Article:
Pillar IV: From Entitlement to EMPATHY: Being a modern parent can feel like a race to entitlement, to doing everything in our power to ensure that somehow our kid rises to the top. And every parent is in the same race, to try to entitle their kid. This mindset leads to competition, a lack of warm community and broken trust. It also leaves our kids completely disconnected from the realities of those less fortunate and lacking the perspective to truly value and understand their own privilege with gratitude and humility. How bout we shift from an entitlement mindset to an EMPATHY mindset, where we educate, parent and instill awareness for others, caring towards others, and using our own gifts to support sharing with others in an altruistic fashion? We can practice gratitude for what we do have – a home, the ability to work from home, healthy food, safety. We can also discuss with our kids what people are suffering from in terms of losses during this time and brainstorm ways that we as a family and our community can help. We can work with our kids to create donations to local soup kitchens and shelters, we can go online together to donate, we can order from small businesses to help keep them afloat and educate our kids about what many small businesses are facing. Together, we can open our hearts and hold out our hands to make a difference. We can do history lessons related to the Great Depression. We can do math lessons related to unemployment statistics. We can do writing assignments related to ethical questions facing leaders of our time. We can do science lessons about how our brains are wired for altruistic action and mindfulness. Letting go of the entitlement rat race to let more empathy in is what our world sorely needs now, and beyond this crisis.

For the rest of this shelter in place, I offer to you this guide of 4 pillars to practice True CARE during these uncertain and unsettling times and four questions which accompany these pillars:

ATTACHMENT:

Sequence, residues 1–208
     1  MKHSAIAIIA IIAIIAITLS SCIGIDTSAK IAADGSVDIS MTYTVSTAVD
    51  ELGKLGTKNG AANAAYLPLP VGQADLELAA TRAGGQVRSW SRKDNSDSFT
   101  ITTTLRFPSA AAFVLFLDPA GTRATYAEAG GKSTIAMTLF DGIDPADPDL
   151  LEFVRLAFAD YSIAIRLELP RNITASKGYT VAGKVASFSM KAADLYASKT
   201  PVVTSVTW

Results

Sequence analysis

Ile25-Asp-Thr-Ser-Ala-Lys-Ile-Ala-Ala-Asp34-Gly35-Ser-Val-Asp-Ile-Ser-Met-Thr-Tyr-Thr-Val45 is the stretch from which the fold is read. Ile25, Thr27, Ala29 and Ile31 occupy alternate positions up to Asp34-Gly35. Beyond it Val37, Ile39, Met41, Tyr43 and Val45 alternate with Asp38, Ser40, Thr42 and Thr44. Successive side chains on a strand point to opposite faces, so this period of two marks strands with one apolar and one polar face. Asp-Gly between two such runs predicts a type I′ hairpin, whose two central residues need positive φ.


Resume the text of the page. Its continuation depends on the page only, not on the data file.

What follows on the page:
How can I practice Connection rather than compliance so that myself and family can release pressure and be productive with presence?
How can I be Authentic instead of anxious about work and parenting today?
How can I Respond to my own and my child’s emotional needs to generate reassurance, calm, fulfillment and fullness today instead of reacting or controlling out of fear?
How can I foster Empathy rather than focusing on entitlement or being the best at all costs today?
Put these questions up on your fridge or in your wallet or post them by your desk and use them as guideposts throughout your shelter in place. You can journal about these questions as you plan your week and use them to create a holistic schedule which includes connection breaks, authentic conversations, responsive feedback and empathy activities.

Here is an example of a schedule that is built using the pillars of True CARE:


For the afternoon, I highly suggest parents try to stop working by 3 or 4pm. Spend some time outdoors. Have your kids do their daily after school activities each afternoon, but from home. Try to make agreements with colleagues to cut meetings shorter to 40 or 45 minutes instead of an hour, cut the workday shorter so everyone can be realistic about parenting needs. Set kids up with activities and even if you’re sitting in the same room together (kids’ reading, crafting or practicing music and you drafting emails) it’s better to spend the afternoon being present than locking the door and barring them from entering. All will go more smoothly for everyone.

— Published on March 25, 2020



Top 5 Ways to Be More Present With Your Child
(Published on Huffington Post, September 19, 2016)
September 19, 2016

Today’s parenting culture often emphasizes cultivating the perfect human being for a future, robot-filled economy we don’t yet understand; modern parents are often rushing from activity to activity in an attempt to curate a one-day employable person who will enter a dog-eat-dog, competitive economy in which only the best will thrive.